Self-esteem will fluctuate as kids grow older and are involved in different activities at school and in after school and sports activities. Sports activities, including soccer, T-ball, basketball and other entry level sports can have a tremendous impact on a child’s self-esteem. Make sure that your child has a positive and encouraging coach. Remember it’s your child and what happens out on the field can be a life-changing experience for a child. Don’t be afraid to get involved. Children with healthy self-esteem tend to enjoy interacting with other children and adults. They are more comfortable in social settings and enjoy group activities. It is important for parents to encourage this.

Three important things that you may want to focus on:

1) Give positive yet accurate feedback to your child. don’t tell them they are the best on the team, if they’re not, but share with them that they’re getting better and improving all the time.

2) Create a safe, loving home environment where your children can express themselves and get positive constructive feedback.

3) Encourage cooperation rather than competition as children learn to play with others and develop a positive self-esteem.

There’s nothing more important than a child growing up feeling good about themselves and able to deal with all the challenges the world presents. Devoting time and attention to a child’s development early on is essential.


Talking with young children: How Parents can Encourage Learning

During the first five years of a child’s life 90% of brain development takes place. There’s no way to go back after a child enters school and recapture what they have missed during the first five years. So what does this mean for parents and learning? Parents have a perfect opportunity to be the first and best teacher in a child’s life. They can have a profound impact that will make a difference for a lifetime. Here are a few facts!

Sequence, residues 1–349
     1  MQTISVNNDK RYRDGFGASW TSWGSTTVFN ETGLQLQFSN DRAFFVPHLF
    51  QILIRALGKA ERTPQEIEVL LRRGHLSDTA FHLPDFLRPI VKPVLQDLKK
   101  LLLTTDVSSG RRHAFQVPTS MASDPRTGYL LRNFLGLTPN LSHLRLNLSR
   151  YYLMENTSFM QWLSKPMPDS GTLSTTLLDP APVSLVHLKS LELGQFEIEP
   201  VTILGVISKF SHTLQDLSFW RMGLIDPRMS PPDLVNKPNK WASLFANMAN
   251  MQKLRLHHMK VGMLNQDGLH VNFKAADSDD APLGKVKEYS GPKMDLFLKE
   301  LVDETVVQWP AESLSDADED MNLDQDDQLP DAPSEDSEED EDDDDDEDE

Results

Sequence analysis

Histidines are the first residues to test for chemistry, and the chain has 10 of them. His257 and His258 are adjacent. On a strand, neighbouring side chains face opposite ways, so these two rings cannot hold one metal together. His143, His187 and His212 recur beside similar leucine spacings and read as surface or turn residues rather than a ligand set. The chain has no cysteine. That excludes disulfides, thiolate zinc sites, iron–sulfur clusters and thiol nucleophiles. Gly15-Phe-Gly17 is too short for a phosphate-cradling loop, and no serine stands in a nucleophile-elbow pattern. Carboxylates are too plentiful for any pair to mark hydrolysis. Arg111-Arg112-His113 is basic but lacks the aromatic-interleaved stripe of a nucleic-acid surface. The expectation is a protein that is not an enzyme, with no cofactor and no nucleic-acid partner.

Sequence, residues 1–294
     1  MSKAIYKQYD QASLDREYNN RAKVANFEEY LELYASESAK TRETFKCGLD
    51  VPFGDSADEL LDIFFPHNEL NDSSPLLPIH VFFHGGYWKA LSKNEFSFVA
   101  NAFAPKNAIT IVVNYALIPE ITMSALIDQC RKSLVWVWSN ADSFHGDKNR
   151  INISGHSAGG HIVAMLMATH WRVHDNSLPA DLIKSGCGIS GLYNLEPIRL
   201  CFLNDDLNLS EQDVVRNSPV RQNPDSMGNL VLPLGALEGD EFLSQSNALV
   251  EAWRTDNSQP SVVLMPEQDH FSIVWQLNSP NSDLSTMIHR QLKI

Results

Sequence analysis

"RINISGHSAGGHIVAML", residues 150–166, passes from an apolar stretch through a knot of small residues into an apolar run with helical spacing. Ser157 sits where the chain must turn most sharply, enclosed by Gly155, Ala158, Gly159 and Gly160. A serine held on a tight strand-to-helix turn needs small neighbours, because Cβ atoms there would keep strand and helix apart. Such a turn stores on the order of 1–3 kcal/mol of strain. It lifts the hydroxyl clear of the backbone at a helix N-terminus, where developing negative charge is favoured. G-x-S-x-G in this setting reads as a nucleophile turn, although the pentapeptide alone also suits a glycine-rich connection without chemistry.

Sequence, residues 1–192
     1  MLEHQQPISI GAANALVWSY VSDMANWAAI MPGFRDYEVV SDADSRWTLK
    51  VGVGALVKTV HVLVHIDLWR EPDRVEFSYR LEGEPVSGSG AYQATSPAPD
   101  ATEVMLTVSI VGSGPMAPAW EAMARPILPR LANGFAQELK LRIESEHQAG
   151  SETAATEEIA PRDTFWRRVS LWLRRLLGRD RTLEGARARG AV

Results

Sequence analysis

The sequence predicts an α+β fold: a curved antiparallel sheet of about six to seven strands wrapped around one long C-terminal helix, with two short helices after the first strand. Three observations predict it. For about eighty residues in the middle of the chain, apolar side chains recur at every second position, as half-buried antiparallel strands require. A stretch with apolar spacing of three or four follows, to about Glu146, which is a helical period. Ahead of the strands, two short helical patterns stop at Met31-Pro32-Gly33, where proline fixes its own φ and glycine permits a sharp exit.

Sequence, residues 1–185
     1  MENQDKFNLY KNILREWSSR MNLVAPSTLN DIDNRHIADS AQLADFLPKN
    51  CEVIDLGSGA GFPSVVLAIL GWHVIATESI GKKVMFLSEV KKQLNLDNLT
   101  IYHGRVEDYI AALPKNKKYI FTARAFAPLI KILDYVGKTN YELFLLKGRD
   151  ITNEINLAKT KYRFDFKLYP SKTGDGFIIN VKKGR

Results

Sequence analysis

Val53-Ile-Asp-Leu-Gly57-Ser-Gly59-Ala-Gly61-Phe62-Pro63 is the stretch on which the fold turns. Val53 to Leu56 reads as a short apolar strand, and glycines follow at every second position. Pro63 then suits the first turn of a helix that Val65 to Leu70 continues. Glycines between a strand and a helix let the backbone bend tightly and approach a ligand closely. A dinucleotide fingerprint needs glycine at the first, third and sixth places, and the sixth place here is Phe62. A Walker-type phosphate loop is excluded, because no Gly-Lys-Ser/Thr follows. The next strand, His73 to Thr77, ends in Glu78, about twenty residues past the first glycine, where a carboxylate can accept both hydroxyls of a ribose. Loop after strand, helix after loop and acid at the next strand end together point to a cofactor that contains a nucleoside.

1) Thought–provoking questions or using new words can extend children’s thinking and curiosity.

2) When adults purposefully talk more with children, children develop larger vocabularies (Hart & Risley,1999, Hoff & Naigles, 2002).

3) Children with larger vocabularies are better readers and better readers are more successful throughout school and life (Snow,Burns & Griffin 1998).

All families talk to children, but the way you talk to them or with them is what makes the difference. If you’re just talking at children to get things done, such as, eating, getting dressed, cleaning up etc. then you are missing an opportunity to get the vocabulary growth, cognitive development and emotional maturity that is necessary for future success.

Here are a few things parents can do that make a significant difference:

1) When driving in a car with children, turn off your radio and put down the cell phone….. Engage your children in conversation regarding the world around them, i.e. How many red cars can we find in the next few minutes? Can you find the number six on the license plate? Who can find the letter “S” on a license plate?
This is fun and can make a world of difference.

2) Use “Big Words” and extend a child’s vocabulary: Instead of saying: “going to the park can be fun” say… “Going to the part can be enjoyable, entertaining or pleasant. Instead of saying: “that is a scary mask your brother is wearing”…. That is a creepy, horrifying, shocking or intimidating mask your brother is wearing.
These are easy to do and make a significant difference. Remember you are the first and most important teacher in a child’s life…. Make a difference for them!